The Handbook for Economics Lecturers

3. Implications: four principles for teaching and learning

In this section we use some ideas from ‘variation theory’ (Pang and Marton, 2003, 2005) to develop some implications for teaching. The main pedagogic principle derived from variation theory is that the lecturer should draw the learner’s attention to simultaneous variation in the features of a phenomenon that are critical to the desired conception (i.e. the way of understanding something that the lecturer wants the student to achieve). This has led to the proposal of four principles for teaching (Davies and Mangan, 2008), which we reproduce here with discussion and examples:

(i) Highlight variation to ensure there is a sufficient foundation of basic concepts to make it possible to work towards acquisition of the threshold concepts

Students need to acquire certain basic concepts before they can move on to acquire the integration provided by the threshold concepts and although, as we considered above, they are unlikely to achieve a full, deep understanding of these at this stage, progress cannot be made without acquiring some initial knowledge. Highlighting variation in understanding of a conception and giving feedback on what dimensions are useful and what are not may provide a foundation for the deeper study. For example, Pang and Marton (2003) distinguish various conceptions of price held by students in terms of what is related to the inherent value of the commodity concerned, the demand conditions, the supply conditions, and the demand and supply conditions.

(ii) Expose the way in which scholars in the discipline use modelling threshold concepts by highlighting variation in the use of key procedures

This is concerned with developing an understanding of the way models are used in the discipline; why we set up models as we do. Given the complexity of the relationships in the economy, economists use economic models to understand the important interrelationships in the economy. Comparative static analysis is a procedural device developed by the discipline to portray these relationships. Students need to understand why we use such models, the importance of key aspects of such modelling and how this relates to the diagrammatic (or mathematical) representation. An important aspect of this is in understanding the nature of equilibrium in economic reasoning, in terms of it being a final resting point to which markets will move after a shock and also importantly in terms of the forces that resolve the disequilibrium in the model being considered. For instance, without an understanding of this, students may understand the multiplier as simply a never-ending process of interrelationships where an increase in income leads to increased consumption without recognising that in the model there is a limit, with the rise in withdrawals, where the new equilibrium point is reached.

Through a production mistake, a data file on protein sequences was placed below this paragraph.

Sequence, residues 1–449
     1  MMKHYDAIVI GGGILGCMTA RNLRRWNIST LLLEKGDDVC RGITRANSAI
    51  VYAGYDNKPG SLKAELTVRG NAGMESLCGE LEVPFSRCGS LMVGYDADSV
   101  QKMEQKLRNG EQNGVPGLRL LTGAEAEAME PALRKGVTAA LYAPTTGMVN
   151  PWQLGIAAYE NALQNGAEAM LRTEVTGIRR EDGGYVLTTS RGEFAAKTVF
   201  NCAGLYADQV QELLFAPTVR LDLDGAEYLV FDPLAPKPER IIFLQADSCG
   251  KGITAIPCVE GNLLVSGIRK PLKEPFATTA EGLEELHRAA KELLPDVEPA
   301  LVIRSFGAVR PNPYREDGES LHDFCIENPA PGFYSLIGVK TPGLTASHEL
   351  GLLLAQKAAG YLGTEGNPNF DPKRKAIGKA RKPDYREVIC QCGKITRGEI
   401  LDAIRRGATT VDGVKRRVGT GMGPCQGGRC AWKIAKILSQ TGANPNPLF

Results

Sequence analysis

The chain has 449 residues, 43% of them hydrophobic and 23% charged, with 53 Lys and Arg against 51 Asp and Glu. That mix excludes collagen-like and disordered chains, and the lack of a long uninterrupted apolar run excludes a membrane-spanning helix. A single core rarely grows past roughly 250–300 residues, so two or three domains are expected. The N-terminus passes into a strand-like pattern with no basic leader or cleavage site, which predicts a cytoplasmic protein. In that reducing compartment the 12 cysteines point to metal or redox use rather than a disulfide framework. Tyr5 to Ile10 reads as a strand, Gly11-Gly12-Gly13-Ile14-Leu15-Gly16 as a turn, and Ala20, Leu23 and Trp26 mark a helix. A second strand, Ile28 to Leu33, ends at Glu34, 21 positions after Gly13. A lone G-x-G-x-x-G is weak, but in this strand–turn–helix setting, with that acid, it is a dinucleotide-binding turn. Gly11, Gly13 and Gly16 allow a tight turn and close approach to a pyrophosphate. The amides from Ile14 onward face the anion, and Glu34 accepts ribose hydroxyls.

(iii) Help students to integrate their understanding by re-working their understanding of previously acquired concepts in the light of threshold concepts

This helps students to think of their learning in terms of building a coherent structure. For instance, students may initially consider various ‘marginal’ concepts such as marginal cost, marginal revenue and marginal utility just as isolated ideas, but their understanding of the relevance of these may be enhanced as they acquire an understanding of welfare economics. In macroeconomics, the relevance of the distinction between money and income may only become clear when students start to understand the interaction between the goods and money markets in developing their understanding of the macroeconomy with models such as IS/LM.

We need to design activities that both highlight the role of threshold concepts and procedures and allow the revisiting of previously acquired concepts (both basic and previously ‘acquired’ threshold concepts, given our arguments about the web of concepts above). It is only when students do this that can they progress in their understanding and we need to encourage them to do this both in formal teaching situations and in their independent learning.

(iv) Help students to regard their understanding as provisional and to tolerate uncertainty

Students have to learn ‘incomplete’ conceptions in order to make more ‘complete’ conceptions accessible to them and be happy to move on. Since the acquisition of threshold concepts transforms understanding of previously acquired subject knowledge, students need to be ready to accept that at each stage in their learning their understanding is provisional. This problem becomes most intense when the acquisition of a new threshold concept transforms understanding of a previously acquired threshold concept: an inevitable outcome if threshold concepts work together in a web to define the way of thinking and practising in a subject.

Top Tip

Encourage students to understand that they need to re-work everything they have learnt before – and to see previous learning as necessary, partial and incomplete rather than wrong.